Re: problems with identifiers and keywords...

glen herrmannsfeldt <gah@ugcs.caltech.edu>
17 Nov 2004 11:36:29 -0500

          From comp.compilers

Related articles
[6 earlier articles]
Re: problems with identifiers and keywords... wclodius@lanl.gov (2004-11-06)
Re: problems with identifiers and keywords... wyrmwif@tsoft.org (SM Ryan) (2004-11-07)
Re: problems with identifiers and keywords... vbdis@aol.com (2004-11-07)
Re: problems with identifiers and keywords... cfc@shell01.TheWorld.com (Chris F Clark) (2004-11-14)
Re: problems with identifiers and keywords... genew@mail.ocis.net (Gene Wirchenko) (2004-11-14)
Re: problems with identifiers and keywords... gah@ugcs.caltech.edu (glen herrmannsfeldt) (2004-11-17)
Re: problems with identifiers and keywords... gah@ugcs.caltech.edu (glen herrmannsfeldt) (2004-11-17)
Re: problems with identifiers and keywords... lkrupp@pssw.NOSPAM.com.INVALID (Louis Krupp) (2004-11-17)
Re: problems with identifiers and keywords... cfc@shell01.TheWorld.com (Chris F Clark) (2004-11-17)
Re: problems with identifiers and keywords... nmm1@cus.cam.ac.uk (2004-11-19)
Re: problems with identifiers and keywords... gah@ugcs.caltech.edu (glen herrmannsfeldt) (2004-11-19)
Re: problems with identifiers and keywords... gracjan@acchsh.nospam.com (Gracjan Polak) (2004-11-19)
Re: problems with identifiers and keywords... Martin.Ward@durham.ac.uk (Martin Ward) (2004-11-19)
[8 later articles]
| List of all articles for this month |

From: glen herrmannsfeldt <gah@ugcs.caltech.edu>
Newsgroups: comp.compilers
Date: 17 Nov 2004 11:36:29 -0500
Organization: Comcast Online
References: 04-10-148 04-10-170 04-10-174 04-11-008 04-11-011 04-11-031
Keywords: syntax, parse, design, comment

Chris F Clark wrote:
(snip)


> In any case, I think we are in "violent agreement" on this topic.


> My point was that if the language is hard to write a parser for, it is
> probably hard for humans to parse too. That doesn't mean that there
> aren't techniques which don't fit well with current lexer/parser
> generation technology that are not easy to parse (and easy to
> understand) <more on this in a second>. It's just that if you can't
> *easily* write a mechanical way to translate it, then a human
> problably isn't going to be able to understand it easier.


I am not sure I agree with this. Human languages are fairly hard for
machines to parse, yet presumably designed for humans to understand.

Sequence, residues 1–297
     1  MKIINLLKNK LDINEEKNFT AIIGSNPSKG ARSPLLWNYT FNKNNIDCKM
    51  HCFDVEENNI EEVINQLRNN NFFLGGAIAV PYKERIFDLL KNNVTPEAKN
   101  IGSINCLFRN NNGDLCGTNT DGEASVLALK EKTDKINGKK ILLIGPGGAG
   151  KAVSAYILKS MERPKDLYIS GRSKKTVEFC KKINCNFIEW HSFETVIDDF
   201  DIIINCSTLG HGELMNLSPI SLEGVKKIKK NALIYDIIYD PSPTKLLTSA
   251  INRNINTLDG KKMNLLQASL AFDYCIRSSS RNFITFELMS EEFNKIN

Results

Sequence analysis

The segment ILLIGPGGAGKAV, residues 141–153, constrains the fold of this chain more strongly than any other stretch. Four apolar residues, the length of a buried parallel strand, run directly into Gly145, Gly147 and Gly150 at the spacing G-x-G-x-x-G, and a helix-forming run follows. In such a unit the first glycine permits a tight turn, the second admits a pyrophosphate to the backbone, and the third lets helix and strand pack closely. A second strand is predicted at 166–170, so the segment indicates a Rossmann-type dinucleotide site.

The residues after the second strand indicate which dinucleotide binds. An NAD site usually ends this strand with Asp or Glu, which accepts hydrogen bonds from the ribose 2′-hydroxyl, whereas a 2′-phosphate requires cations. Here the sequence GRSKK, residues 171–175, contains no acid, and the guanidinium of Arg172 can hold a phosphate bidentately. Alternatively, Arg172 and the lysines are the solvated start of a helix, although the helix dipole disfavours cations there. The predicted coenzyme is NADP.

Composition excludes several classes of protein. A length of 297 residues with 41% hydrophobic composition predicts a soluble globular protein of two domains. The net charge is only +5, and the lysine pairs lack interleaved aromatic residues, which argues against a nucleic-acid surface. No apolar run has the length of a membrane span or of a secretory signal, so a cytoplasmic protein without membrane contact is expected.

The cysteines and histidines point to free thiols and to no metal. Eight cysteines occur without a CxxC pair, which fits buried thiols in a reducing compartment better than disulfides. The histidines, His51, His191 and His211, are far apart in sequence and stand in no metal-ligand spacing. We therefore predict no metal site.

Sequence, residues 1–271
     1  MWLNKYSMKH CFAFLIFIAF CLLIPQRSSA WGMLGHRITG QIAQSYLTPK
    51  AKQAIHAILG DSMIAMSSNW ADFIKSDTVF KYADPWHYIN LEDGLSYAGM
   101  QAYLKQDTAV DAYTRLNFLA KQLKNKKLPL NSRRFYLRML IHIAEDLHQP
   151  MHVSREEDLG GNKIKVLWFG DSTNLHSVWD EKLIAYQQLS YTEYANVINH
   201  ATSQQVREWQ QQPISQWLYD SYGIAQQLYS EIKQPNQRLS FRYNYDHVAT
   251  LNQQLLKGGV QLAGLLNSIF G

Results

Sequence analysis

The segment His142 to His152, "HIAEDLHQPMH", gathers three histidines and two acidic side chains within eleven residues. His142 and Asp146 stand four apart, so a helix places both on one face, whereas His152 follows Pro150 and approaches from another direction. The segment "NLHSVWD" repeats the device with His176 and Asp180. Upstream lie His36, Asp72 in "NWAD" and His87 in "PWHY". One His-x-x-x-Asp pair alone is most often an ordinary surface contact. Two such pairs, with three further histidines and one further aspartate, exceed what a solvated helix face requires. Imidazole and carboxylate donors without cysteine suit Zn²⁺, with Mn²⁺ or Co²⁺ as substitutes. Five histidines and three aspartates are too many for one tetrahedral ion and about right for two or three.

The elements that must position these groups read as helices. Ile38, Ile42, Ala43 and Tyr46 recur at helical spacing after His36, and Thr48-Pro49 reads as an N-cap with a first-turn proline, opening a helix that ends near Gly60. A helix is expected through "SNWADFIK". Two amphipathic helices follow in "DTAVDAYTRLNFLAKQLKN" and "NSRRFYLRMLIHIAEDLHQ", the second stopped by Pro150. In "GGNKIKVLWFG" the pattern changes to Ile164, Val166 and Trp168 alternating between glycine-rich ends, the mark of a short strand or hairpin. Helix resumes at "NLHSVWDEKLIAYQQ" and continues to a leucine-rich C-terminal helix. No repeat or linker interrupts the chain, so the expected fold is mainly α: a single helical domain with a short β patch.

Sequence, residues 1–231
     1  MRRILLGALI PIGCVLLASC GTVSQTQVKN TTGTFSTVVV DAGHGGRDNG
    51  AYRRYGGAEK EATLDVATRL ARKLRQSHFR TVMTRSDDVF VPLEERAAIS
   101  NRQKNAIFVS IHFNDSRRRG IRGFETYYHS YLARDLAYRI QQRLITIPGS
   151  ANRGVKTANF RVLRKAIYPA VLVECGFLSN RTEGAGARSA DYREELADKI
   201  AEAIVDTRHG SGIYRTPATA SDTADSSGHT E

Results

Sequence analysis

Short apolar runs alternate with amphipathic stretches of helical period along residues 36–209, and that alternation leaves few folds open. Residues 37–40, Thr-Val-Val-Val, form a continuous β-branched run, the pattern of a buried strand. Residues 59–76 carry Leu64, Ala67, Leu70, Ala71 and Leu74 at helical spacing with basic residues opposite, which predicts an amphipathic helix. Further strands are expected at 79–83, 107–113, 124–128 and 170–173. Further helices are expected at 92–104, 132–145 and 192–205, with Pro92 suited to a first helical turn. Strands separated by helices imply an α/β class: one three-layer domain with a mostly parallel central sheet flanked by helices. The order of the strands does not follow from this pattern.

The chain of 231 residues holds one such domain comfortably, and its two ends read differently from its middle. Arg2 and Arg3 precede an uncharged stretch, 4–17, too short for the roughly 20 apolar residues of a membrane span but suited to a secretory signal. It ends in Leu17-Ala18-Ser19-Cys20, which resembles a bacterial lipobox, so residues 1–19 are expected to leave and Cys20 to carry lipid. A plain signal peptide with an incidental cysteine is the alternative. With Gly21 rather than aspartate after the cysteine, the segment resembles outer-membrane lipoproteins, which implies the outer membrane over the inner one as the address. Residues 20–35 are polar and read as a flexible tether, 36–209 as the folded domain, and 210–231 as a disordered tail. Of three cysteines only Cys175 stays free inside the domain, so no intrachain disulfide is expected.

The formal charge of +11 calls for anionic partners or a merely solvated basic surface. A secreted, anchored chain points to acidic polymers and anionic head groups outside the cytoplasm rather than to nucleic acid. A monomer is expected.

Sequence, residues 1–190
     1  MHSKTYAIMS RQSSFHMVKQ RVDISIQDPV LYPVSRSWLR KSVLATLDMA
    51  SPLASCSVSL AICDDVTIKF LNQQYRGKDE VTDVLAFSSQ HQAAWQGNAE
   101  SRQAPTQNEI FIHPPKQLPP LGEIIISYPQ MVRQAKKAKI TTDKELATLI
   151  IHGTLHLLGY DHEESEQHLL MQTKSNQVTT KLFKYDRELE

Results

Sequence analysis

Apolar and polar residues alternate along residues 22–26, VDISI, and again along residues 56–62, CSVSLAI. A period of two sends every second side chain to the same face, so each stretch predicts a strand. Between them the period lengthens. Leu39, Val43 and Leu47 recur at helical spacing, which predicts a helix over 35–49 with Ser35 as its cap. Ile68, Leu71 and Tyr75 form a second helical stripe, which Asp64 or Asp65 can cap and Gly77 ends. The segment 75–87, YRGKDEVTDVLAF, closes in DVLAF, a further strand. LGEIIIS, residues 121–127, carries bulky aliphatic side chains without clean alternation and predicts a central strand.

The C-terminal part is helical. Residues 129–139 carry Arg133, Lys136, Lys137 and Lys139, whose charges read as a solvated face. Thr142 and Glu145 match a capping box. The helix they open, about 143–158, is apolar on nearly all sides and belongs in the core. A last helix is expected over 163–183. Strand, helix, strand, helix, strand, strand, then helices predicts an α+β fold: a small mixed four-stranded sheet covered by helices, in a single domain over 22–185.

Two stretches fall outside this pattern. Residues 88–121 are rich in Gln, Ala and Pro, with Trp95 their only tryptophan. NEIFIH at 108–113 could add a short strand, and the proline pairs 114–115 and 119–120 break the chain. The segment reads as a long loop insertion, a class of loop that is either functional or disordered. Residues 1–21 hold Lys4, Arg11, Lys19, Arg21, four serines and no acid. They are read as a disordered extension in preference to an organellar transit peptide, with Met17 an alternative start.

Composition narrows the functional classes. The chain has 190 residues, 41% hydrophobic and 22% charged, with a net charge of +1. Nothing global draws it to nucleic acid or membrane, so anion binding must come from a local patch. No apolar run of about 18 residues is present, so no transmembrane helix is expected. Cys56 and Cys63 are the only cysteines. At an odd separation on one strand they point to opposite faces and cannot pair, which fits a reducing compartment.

In a large number of cases, I don't believe humans have problems with
keywords used as identifiers, especially if those keywords are not
used by the program in question.


How would it be for a language to allow keywords as identifiers only
when they were not used as keywords in the given program? (presumably
within the scope of said identifier.)


PL/I sort of does this with functions and the BUILTIN attribute. Not
for statement keywords, though.


The C language has relatively few keywords, but all the library
function names are reserved.


(snip)


> For example, SGML put markup in <> delimiters (whence HTML and now XML
> does the same). However, SGML recognized that < and > might be useful
> in text and allowed one to use some notation I forget to change the
> delimiters. Most current lexer/parser generators cannot deal with
> that level of dynamicism.


TeX can, and reasonably often does. One has to be very careful,
though. Knuth describes TeX using the mouth and stomach analogy.
Some things are processed in the mouth, including applying catcodes to
characters, and some in the stomach, I believe including changes to
catcodes. Lookahead is carefully limited such that changes can be
made before being used, but one must be very careful.


(snip)


> Going back to positive cases, the "length prefix" notation, i.e. a
> number followed by that many "characters" of data is something else
> that most current lexser/parser generators don't do well on.


The old Fortran Hollerith FORMAT descriptor, and sometimes used for
character constants. Easy for humans to get the count wrong, and end
up with a mess.


(snip)


> The keyword as identifier feature was not the stumbling block to
> writing easy to maintain and error free PL/I programs (implicit
> conversions were the silently do the wrong thing issue).


Conversions are a problem in PL/I, but I am not sure that there is a
good solution. PL/I has a large variety of data types, and in many
cases the conversion makes sense. If one is used to a language with
only a few data types (just about every other one) it takes a while to
get used to, and one can easily make mistakes. If powerful features
were removed from languages because they can easily be misused by
beginners, what would we have left in usable languages?


If there were an obfuscated PL/I contest, like the IOCCC, maybe we
would be able to test out some of these questions.


Using CHAR variables in DO loops can be lots of fun, for example.
(The DO comparison is done as characters, not as numbers.) Maybe a
compiler warning "Are you sure about this?"


-- glen
[PL/I suffers from a lot of features that individually make sense but
do silly things in combination. My favorite example is this one:


DCL (A,B,C) CHAR(3);
A = '123'; B = '456'; C = A+B;


The value of C is three spaces, because the arithmetic result is
converted to a default length string ' 579' and then truncated
from the right. I don't know how you prevent this, either, although
in this case I have my doubts about the wisdom of implicit conversions
between arithmetic and string types. -John]


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